peak419/01/2020 11:14:16
1671 forum posts
175 photos
Posted by BOB BLACKSHAW on 19/01/2020 10:46:06:


I also noted that the 8mm rods from old printers are undersize by .08mm which I've used for axels and made bushes to fit,any reason why?


Maybe because they are 5/16";

7.92mm = 0.3118"

5/16"=0.3125" only 7 tenths of a thou different

Where were the printers made?


Edited By peak4 on 19/01/2020 11:14:43

BOB BLACKSHAW19/01/2020 11:47:39
446 forum posts
110 photos

I have no idea where the printer was made I got it from a charity shop as not working but I have had another printer in the past the same 7.92mm, nether thought about imperial size as everything now is metric.


Mike Poole19/01/2020 12:03:57
3299 forum posts
73 photos

As much computer hardware is specified by the Americans then much of it is imperial standard sizes. Most of the fasteners in a PC are American threads.


Ian P19/01/2020 14:34:30
2578 forum posts
114 photos

Printer rods are 7.92mm diameter so you are obviously reading those correctly.cheeky

Ian P

lfoggy20/01/2020 21:00:53
179 forum posts
17 photos

I had a similar issue a while back. i wanted a piece of 10mm silver steel, ideally in the 9.99 - 10.00mm range. I had all sorts of pieces of 10mm silver steel and most varied from 9.97 to 9.99mm. Also some were not exactly round ! I have found 'precision ground mild steel' to be more consistent and nearer to nominal size. In the end I extracted a beautiful piece of precision gound steel measuring 10.00mm from an old piece of laboratory equipment.....


Edited By lfoggy on 20/01/2020 21:04:23

Howard Lewis20/01/2020 21:56:22
6004 forum posts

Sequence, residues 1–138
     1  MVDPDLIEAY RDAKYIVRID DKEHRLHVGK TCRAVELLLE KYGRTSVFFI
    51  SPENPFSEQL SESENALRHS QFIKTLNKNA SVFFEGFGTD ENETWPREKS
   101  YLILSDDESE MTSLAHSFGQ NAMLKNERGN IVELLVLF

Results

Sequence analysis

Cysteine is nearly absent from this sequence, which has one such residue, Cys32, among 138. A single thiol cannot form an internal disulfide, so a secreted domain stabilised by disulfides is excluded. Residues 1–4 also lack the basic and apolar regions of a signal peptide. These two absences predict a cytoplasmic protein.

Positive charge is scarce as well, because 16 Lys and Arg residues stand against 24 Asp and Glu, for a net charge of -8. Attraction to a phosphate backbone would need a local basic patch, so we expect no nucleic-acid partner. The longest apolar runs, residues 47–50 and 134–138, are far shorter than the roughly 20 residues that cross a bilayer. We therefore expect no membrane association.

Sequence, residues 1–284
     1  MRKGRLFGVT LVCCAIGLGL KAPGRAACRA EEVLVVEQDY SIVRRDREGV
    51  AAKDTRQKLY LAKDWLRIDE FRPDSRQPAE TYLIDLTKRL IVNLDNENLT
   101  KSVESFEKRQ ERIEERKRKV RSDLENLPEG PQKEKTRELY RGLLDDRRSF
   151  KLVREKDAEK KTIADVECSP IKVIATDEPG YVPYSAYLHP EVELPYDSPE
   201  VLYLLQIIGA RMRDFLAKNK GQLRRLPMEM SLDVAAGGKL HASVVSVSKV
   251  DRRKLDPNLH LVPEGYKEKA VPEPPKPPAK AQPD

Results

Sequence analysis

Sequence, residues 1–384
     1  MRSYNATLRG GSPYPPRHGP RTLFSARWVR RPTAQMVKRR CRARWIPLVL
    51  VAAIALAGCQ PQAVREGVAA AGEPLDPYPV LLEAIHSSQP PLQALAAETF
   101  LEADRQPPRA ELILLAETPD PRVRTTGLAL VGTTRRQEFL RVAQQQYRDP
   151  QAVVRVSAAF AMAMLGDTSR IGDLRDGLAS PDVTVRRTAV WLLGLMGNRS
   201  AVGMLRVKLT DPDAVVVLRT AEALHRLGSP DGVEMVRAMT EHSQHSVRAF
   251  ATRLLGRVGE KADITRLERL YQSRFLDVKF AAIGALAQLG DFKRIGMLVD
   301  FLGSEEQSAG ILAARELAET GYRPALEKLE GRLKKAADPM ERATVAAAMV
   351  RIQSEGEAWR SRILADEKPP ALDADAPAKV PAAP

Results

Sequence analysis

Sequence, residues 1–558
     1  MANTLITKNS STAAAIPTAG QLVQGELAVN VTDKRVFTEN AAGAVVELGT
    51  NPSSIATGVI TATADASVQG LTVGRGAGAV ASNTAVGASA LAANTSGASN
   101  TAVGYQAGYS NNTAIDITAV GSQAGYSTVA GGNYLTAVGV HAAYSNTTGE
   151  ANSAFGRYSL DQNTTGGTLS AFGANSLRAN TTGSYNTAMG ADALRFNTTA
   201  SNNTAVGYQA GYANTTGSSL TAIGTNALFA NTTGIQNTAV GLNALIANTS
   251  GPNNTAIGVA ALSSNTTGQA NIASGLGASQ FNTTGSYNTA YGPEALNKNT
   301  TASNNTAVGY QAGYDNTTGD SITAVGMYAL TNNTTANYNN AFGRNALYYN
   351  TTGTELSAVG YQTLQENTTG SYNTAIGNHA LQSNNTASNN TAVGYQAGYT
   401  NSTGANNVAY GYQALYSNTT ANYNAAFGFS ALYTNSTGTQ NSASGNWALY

14 photos

It is possible that your Silver Steel is not round, but is lobed. So it would measure undersize when measured on a diameter, but be a snug fit in a truly round hole, although actually only making contact at three points.

If the bar was reamed with a reamer, firmly held in the Tailstock, it is possible that the reamer was a gnats whisker off centre for some reason. If it was, then some of the cutting edges would act like a boring bar, to produce an oversize hole. It is a good idea for the reamer to float so that it can follow the pilot hole without any external constraint to pull it off centre.


Andrew Johnston20/01/2020 22:19:27
6574 forum posts
701 photos

Lobing as a result of centreless grinding has the interesting property that the diameter measured at any two points (with a micrometer for instance) is constant. But the material is not round. Think the 50p piece if you're in the UK. Any half decent grinding company ought to have this issue under control.


BOB BLACKSHAW21/01/2020 17:38:06
446 forum posts
110 photos

I float ream when using the tailstock so I know that the hole is correct to size, and the rods are round as they measure the same at two points. I never trust the tailstock or the tailstock chuck as I always find that the hole is oversize, but I'm only using these Chinese made ones, I would like to get a Jacobs chuck but will this improve the hole size? the tailstock is good using a feeler gauge on two points.


Andrew Johnston21/01/2020 20:27:36
6574 forum posts
701 photos
Posted by BOB BLACKSHAW on 21/01/2020 17:38:06:

.......and the rods are round as they measure the same at two points.

Not necessarily so, a part can have constant diameter without being round.